Blog|3 min

CX Marks the Spot to Success in Digital Business Banking

I’ve spent my career working at the intersection of technology and customer solutions. From leading hardware and software installations to innovating in support of business digital banking needs, product success consistently has come down to one key factor: The customer experience.

This emphasis on the user stems from simple human nature. Who has said, “I just wish it was more complex and harder to use?” No one. If a solution addresses a customer pain point in a way that makes it easy, it’s a winner.

Today’s digital banking solutions exemplify this point. A new wave of technological design has sprung up around the concept of user experience (UX), with its core focus on an agile approach. Financial institutions and their partners utilize this iterative method to implement a digital solution—then they evolve that same solution based on direct customer feedback. This phased design strategy enables a smart idea: Real-time market research and customer input strengthens the resulting product.

The timing is right for banks to be embracing this new model; never before has experience played such a pivotal role in customer decision-making. According to EY’s 2016 Global Consumer Banking Survey, four of the five top reasons customers consider using a nonbank provider is directly related to CX. In fact, 41 percent of respondents stated they would change financial services providers if they found one that offered a better digital experience.

While this research emphasizes consumer inputs, it impacts how we think about digital business banking. In small and mid-market businesses, we contend with blurred lines between the consumer and business experience. What’s more, as millennials continue to launch new businesses, this expectation of similar experiences for personal and professional banking climbs. KPMG refers to this phenomenon as the ‘consumerisation’ of B2B relationships, indicating “the personal experiences customers receive have an impact on how they evaluate their B2B suppliers.” This means that financial institutions have to double their efforts to make certain both their business and consumer experiences remains seamless.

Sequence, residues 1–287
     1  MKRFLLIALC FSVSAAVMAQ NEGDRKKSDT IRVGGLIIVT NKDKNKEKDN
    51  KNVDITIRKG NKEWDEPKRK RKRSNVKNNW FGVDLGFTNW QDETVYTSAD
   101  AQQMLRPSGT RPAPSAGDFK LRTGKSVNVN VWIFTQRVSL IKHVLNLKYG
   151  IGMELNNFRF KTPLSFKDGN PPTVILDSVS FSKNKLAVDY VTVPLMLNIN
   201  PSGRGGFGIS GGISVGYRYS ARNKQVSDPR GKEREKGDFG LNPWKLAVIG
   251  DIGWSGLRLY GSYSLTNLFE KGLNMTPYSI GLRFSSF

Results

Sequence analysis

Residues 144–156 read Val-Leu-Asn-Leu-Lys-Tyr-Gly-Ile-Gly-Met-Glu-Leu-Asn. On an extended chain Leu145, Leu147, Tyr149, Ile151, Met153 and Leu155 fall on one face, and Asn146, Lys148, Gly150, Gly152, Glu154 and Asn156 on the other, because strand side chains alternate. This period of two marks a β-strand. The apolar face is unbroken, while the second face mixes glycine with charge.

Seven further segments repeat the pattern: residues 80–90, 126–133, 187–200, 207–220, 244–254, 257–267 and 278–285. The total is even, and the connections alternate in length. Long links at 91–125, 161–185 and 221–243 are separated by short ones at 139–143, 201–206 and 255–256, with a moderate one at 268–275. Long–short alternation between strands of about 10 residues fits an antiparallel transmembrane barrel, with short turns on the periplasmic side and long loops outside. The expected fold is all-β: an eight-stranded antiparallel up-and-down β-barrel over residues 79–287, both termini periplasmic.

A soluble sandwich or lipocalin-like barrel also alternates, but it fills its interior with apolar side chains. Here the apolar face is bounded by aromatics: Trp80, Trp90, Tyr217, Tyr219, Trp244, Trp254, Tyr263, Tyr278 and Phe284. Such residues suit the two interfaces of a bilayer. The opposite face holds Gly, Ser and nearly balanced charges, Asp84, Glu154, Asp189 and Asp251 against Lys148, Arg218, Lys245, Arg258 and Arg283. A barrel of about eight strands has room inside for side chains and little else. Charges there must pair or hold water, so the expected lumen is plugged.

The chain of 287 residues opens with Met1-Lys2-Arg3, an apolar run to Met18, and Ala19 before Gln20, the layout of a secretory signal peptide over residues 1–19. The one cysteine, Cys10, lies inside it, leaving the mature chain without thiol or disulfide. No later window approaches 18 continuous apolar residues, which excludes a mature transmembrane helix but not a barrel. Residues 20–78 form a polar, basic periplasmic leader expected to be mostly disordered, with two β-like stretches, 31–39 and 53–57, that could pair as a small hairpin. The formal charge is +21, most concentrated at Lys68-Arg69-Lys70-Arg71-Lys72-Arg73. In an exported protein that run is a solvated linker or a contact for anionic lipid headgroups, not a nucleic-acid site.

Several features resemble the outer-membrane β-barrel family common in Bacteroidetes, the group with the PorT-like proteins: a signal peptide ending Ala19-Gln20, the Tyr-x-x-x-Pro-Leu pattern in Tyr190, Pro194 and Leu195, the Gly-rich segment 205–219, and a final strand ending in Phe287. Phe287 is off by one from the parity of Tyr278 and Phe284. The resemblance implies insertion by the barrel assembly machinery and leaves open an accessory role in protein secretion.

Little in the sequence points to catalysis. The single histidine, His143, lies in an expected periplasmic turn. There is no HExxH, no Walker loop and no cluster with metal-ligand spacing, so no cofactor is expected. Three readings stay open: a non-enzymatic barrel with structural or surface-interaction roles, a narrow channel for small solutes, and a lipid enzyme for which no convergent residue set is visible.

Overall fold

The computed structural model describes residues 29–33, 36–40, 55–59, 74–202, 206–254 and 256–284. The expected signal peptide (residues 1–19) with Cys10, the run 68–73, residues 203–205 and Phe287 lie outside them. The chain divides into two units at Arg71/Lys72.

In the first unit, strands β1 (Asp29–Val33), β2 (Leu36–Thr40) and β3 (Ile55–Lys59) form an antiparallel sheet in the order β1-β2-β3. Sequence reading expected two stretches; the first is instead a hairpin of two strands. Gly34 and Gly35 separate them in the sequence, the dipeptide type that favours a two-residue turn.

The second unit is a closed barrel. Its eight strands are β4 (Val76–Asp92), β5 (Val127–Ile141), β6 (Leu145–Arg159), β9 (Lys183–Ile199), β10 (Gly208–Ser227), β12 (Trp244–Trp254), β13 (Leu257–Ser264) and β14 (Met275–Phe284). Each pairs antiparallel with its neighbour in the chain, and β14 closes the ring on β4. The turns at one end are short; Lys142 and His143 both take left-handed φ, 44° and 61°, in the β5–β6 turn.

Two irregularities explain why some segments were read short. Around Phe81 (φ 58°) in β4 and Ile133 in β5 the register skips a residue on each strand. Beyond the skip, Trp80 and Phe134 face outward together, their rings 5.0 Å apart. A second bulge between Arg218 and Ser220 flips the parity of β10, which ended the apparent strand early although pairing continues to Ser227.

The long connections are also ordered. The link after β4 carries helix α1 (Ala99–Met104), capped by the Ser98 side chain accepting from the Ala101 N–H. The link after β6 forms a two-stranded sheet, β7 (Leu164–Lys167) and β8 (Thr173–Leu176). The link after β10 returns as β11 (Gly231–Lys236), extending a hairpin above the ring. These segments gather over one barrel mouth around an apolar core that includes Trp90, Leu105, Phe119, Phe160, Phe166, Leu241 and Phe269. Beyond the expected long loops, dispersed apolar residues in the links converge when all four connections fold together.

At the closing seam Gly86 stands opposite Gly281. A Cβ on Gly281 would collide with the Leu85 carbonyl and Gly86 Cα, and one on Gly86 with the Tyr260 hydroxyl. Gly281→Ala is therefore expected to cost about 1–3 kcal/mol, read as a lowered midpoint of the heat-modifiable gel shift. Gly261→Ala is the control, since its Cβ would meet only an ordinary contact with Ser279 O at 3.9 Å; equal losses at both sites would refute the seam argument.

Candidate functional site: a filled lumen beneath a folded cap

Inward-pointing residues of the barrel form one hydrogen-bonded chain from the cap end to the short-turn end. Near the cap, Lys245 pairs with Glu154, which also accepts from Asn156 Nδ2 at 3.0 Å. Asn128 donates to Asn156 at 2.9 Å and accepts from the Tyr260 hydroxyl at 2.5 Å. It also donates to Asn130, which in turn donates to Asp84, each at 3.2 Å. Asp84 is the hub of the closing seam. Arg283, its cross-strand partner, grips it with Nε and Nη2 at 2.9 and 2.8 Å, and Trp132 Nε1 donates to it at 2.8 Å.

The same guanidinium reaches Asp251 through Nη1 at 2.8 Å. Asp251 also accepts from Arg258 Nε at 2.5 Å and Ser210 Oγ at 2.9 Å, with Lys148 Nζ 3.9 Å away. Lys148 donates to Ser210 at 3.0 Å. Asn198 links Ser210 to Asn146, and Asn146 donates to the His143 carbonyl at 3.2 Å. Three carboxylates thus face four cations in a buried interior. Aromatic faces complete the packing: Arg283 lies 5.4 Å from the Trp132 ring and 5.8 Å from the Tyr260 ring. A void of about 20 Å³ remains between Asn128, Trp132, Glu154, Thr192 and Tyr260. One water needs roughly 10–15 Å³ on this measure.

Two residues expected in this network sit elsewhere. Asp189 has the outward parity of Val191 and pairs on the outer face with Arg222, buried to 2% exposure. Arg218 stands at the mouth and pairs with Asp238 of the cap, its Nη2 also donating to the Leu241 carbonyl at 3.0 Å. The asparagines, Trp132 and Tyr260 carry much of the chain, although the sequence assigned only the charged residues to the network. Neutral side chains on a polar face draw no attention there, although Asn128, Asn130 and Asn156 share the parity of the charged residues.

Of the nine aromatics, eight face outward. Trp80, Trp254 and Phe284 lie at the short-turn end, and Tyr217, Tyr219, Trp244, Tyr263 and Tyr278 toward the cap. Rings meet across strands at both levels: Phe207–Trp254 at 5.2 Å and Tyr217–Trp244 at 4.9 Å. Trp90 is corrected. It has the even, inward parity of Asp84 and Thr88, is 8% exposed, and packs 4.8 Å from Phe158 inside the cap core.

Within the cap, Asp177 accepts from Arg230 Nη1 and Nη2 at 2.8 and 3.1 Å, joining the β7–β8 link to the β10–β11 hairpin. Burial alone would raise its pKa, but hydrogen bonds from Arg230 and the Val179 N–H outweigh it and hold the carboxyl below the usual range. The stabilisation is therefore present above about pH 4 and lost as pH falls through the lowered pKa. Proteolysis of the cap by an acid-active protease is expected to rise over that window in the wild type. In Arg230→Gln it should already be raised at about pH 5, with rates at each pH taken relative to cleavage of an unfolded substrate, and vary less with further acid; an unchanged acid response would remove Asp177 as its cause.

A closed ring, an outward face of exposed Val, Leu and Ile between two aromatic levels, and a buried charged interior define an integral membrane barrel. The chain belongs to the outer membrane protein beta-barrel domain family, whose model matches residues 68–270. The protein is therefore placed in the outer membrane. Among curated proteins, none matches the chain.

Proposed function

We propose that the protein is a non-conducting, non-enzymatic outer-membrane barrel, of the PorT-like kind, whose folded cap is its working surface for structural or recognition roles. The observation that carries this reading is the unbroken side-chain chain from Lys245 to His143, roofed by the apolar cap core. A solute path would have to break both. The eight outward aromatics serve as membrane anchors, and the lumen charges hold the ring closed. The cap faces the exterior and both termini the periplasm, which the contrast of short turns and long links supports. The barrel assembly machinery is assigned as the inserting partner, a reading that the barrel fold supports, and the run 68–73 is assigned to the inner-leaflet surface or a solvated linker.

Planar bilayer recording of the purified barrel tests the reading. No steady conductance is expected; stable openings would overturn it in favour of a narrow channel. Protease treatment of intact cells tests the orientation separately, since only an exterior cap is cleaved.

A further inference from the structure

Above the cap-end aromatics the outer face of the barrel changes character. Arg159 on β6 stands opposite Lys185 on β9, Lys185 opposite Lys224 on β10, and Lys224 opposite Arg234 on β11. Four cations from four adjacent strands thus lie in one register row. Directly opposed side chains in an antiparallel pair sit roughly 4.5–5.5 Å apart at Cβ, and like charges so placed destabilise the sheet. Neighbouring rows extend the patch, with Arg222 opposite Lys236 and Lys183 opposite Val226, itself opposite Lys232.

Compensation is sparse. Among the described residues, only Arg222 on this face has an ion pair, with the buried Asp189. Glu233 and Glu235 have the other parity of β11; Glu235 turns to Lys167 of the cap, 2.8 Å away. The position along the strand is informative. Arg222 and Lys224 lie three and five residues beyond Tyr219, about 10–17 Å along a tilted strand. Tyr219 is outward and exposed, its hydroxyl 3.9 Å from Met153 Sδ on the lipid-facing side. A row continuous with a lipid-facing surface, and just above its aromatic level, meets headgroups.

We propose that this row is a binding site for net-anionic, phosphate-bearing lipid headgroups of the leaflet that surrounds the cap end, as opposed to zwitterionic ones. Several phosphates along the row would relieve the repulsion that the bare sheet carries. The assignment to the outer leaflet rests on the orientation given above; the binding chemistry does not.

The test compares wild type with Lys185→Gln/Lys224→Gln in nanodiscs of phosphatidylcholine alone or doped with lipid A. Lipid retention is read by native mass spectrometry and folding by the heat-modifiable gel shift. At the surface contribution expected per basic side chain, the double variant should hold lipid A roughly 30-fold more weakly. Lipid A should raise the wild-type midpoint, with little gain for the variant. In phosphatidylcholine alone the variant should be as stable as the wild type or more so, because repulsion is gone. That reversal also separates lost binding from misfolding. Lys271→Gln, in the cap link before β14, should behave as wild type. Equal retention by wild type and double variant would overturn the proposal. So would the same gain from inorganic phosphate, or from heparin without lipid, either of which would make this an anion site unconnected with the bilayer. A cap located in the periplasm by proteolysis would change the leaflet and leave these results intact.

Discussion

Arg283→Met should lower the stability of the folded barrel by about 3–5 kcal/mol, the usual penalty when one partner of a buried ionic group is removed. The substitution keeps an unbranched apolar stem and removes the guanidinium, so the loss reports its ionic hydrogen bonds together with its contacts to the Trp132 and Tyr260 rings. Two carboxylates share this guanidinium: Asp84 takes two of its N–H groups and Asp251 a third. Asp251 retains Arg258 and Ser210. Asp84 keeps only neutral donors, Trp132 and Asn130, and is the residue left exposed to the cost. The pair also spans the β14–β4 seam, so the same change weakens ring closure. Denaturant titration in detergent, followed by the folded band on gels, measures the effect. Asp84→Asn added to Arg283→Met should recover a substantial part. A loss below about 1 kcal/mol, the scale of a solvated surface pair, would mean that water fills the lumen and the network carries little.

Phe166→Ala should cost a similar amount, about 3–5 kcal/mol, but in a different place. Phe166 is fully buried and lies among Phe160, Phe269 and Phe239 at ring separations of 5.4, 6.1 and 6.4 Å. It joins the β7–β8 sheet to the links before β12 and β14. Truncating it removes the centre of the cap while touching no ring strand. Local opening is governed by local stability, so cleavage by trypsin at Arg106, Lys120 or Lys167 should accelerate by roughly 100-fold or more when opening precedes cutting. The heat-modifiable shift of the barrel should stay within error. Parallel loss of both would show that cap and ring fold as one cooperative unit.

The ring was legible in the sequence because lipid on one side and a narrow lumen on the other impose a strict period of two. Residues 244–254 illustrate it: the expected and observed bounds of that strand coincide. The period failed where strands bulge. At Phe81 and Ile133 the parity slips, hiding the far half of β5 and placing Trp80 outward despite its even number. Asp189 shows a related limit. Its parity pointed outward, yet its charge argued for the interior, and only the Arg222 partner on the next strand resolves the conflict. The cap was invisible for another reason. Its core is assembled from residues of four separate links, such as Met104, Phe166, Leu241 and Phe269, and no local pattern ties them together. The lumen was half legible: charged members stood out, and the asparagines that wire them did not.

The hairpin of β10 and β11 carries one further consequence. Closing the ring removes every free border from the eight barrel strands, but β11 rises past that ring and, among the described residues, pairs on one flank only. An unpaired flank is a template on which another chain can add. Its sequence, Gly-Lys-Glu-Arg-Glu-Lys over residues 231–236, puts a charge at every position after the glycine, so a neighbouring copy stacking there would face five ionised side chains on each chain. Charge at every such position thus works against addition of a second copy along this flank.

Here's the good news—the right partners play a key role in supporting this work. Banks can identify those providers whose strategies match their own. When all parties have a laser focus on the customer and employ an agile approach, each element of the experience develops as it needs to and ensures that customer needs are the first consideration.

Consider the fact that today only 10 percent of business payments are made using traditional online bank bill pay. This statistic suggests that status quo solutions aren’t meeting emerging customer needs, and banks need to seek partners who put today’s user top-of-mind. Of course, addressing the experiential requires a thoughtful investment from financial institutions. Outside the expenditure required for honing the product, banks may want to take into account the impact of its ongoing assessment and refinement. Having the right partner, whose product enhancement strategy aligns with the bank’s own agile approach, will alleviate some of the development burdens and offer stronger customer solutions.

Yet, even with this ongoing investment in product evolution, the user-centric focus can be profitable. Businesses will pay for services that save time and help them run their organizations. Forrester Research reports the impact from a ten percentage point improvement in a bank’s customer experience score can translate into more than $160 million in additional revenue.

It’s clear that the opportunity for banks to attract and keep business customers arise from their ability to offer a positive experience. As Steve Jobs once said, “You’ve got to start with the customer experience and work backward toward the technology.”

So, as we stand at the fork in the road dividing the business banking of today with that of tomorrow, we’re no longer exploring the convergence of technology and customer solutions. Now, we are focused on the steps the customer wants to take on the journey ahead, and we are marking our path accordingly. For digital business banking, taking the road the customer travels will make all the difference.

Heading to San Diego for the NACHA PAYMENTS conference this Spring? will be deep diving into user experience and other hot-button topics for banks.


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